“I wasn’t getting enough, wasn’t getting my share,” said Mary (not her real name), a vice president at a major bank who handles commercial real-estate loans in Pennsylvania.
A few years ago, just after 9/11, business had slowed down. Mary was anxious because there weren’t enough loan requests coming in, and these are the meat and potatoes of her work. So her boss assigned her to work with new customers who hadn’t done business with her bank before.
Brand new prospects like these have a reputation for being more difficult to work with than long-time customers because you don’t know what their needs are. Also, they usually like to bargain shop, checking a large number of banks for quotes. With long-time customers you know what their needs are, so it’s easier to make competitive loans.
While starting on this new project, Mary discovered that one of her colleagues, a senior vice president, had gotten first pick of the prospect list. Feeling undermined and undervalued, Mary went to her boss to see if there was a way to more fairly distribute the workload. Although he said he would try to do something he never did.
I was very frustrated
“I was very frustrated by that,” she says now. She felt short-changed.
Although it would have been easy to let anger and resentment eat away at her, Mary knew she had a choice to make. She could either stew about the unfair treatment or look higher for a solution. She chose prayer. Her first step was to quiet her thought and listen to what God had to tell her. Mary likes to think about God as infinite Love watching over her.
“God fills all space and there is nothing outside of all,” she says. Since God is the source of all good and the loving Creator of all that exists, then, Mary believes, He must give each one of us good equally. A passage from the writings of Mary Baker Eddy inspired her: “When will mankind awake to know their present ownership of all good.” Mary prayed to understand more deeply the spiritual law that God doesn’t take from one to give to another. All good is available to everyone abundantly.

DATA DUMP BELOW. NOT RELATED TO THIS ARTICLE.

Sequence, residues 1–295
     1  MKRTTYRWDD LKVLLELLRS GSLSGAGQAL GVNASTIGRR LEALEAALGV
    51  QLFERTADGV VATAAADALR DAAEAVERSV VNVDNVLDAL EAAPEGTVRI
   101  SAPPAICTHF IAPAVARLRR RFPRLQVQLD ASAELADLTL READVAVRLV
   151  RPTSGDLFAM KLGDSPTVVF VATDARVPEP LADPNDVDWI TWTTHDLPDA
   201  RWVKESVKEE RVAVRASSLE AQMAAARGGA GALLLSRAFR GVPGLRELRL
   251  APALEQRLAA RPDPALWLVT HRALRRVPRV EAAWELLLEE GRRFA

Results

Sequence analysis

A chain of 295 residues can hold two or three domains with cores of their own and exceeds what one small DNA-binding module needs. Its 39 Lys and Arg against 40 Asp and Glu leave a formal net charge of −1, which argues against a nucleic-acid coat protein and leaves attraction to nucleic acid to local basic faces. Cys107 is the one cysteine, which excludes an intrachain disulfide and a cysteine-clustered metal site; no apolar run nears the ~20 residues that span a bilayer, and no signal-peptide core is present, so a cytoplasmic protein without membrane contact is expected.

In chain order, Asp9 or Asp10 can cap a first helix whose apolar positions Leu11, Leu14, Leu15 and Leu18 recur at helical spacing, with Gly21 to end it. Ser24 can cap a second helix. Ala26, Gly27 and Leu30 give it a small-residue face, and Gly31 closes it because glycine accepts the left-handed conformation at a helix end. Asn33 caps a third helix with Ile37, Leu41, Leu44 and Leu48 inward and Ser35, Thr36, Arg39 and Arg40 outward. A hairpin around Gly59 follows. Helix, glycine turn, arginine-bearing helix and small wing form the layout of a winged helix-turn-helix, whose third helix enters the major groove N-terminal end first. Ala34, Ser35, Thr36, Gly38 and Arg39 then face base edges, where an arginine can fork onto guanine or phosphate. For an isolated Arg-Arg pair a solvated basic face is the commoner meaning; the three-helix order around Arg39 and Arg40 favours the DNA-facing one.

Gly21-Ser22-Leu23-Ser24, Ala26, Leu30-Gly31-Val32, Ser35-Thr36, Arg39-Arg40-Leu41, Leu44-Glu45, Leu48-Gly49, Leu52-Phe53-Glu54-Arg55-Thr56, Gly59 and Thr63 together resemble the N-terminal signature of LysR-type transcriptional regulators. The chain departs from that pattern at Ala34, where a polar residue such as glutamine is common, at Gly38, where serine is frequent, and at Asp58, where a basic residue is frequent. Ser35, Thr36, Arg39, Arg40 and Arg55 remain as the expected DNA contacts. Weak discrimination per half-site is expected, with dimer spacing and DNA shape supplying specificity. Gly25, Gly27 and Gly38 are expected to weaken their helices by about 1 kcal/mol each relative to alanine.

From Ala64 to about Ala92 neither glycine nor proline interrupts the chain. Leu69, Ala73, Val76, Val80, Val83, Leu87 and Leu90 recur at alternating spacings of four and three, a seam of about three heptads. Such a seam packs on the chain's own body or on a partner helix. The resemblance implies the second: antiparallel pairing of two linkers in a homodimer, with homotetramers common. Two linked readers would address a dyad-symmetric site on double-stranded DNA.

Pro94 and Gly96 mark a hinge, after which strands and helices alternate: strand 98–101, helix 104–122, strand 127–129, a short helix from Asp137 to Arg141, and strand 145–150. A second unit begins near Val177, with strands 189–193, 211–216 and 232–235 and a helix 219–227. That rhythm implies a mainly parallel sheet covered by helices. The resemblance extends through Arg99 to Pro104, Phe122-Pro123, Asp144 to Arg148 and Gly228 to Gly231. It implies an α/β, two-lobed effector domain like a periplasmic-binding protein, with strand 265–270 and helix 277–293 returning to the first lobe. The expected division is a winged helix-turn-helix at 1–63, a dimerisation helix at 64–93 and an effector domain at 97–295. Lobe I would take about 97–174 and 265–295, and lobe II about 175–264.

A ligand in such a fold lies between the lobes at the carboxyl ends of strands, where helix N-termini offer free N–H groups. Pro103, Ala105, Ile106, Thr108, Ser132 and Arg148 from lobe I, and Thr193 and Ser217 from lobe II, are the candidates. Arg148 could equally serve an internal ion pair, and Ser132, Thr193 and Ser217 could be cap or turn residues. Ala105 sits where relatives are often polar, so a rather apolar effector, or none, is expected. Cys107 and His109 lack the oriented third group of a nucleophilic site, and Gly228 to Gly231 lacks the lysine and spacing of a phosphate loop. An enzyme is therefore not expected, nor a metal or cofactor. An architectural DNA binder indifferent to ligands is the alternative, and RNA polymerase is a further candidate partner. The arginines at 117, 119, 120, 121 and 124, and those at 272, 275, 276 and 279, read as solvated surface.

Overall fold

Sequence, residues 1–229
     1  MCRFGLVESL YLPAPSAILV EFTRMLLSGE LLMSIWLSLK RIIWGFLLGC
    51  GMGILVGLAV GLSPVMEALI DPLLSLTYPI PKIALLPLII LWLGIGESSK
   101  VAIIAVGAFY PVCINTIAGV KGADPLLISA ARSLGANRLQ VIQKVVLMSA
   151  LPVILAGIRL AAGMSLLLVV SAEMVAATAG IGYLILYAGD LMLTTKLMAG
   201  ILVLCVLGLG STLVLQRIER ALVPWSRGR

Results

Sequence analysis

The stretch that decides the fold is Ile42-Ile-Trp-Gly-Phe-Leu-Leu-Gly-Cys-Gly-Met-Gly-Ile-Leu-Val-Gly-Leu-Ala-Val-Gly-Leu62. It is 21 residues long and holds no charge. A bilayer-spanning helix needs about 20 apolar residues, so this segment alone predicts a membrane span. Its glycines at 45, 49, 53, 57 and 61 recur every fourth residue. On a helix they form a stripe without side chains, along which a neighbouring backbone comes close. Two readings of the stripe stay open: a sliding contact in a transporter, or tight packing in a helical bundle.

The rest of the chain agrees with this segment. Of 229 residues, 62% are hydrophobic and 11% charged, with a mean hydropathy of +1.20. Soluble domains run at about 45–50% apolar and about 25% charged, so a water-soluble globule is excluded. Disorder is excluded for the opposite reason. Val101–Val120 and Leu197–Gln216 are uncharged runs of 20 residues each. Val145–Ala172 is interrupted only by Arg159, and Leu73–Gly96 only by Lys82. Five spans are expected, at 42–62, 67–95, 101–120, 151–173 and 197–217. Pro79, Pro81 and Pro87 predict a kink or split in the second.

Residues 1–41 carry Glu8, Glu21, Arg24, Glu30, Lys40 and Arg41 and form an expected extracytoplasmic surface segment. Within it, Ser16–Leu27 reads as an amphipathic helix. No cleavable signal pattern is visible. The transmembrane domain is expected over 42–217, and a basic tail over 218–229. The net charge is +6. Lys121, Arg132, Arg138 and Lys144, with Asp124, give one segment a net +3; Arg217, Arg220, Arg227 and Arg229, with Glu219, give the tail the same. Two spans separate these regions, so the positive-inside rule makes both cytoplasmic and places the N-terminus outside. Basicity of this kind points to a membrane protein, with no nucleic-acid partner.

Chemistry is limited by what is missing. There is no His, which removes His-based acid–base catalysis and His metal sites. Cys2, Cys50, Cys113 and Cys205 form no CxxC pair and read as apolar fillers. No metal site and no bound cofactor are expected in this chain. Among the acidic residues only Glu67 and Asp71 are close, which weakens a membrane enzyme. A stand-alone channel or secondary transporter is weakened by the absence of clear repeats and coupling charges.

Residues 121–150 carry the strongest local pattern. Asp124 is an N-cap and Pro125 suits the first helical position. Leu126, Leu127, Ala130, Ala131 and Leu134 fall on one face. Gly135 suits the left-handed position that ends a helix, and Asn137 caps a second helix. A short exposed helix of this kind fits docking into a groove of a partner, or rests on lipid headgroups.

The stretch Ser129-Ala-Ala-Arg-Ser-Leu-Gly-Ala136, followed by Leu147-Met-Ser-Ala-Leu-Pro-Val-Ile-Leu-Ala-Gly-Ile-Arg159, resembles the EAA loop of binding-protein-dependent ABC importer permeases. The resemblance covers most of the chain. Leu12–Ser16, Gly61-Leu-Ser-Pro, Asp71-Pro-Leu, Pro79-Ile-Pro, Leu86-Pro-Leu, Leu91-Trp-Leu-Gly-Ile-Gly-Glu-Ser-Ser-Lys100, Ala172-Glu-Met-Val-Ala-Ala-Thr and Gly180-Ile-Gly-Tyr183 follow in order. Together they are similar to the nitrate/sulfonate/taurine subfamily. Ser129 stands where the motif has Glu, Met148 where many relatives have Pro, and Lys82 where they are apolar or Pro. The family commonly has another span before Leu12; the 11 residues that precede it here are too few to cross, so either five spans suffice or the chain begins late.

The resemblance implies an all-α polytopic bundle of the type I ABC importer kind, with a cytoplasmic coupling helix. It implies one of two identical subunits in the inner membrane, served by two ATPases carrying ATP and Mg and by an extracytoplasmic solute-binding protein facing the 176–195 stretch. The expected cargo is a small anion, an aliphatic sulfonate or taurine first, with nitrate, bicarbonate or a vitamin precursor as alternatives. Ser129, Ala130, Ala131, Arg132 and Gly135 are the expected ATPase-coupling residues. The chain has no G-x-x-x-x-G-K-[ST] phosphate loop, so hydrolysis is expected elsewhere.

“I had as much good as this man did,” Mary says now, speaking of the senior vice president. “It was right for me to have customers who would bring business to me, who liked working with me. There was plenty of work for all of us.”
Every job can be broken down to the expression of qualities.
Ultimately, Mary believes true employment is employing God’s qualities in whatever you do-and you can do it 24/7. Every job can be broken down to the expression of qualities. Those qualities were what the prospects wanted to work with, not merely percentages, dollars and cents. Thoroughness, intelligence, wisdom, common sense, appreciation and interest in their project-these expressions of God’s nature would draw customers. Instead of outmaneuvering her boss, Mary decided to trust and rely on God to provide the opportunities for her to express Him.
As her attitude changed about it, Mary began to see that she was getting more leads that had a higher probability of closing. And close they did. “As I was going along, I really wasn’t watching the numbers or focusing on that,” she says now. “But I knew that I was doing more business.”
Imagine her delight when her boss told her she had underwritten the most loans in her department that year and it was double her performance of the previous year. He even selected her to go on an all-expense paid trip to a leadership conference.
Mary still does business this way. Her spiritual business “strategy” keeps her from being flustered by economic downturns. She no longer feels she’s getting the small piece of the pie, but has access to the infinite source of goodness that’s available to everyone.
Article by Valerie Minard, from Spirituality.Com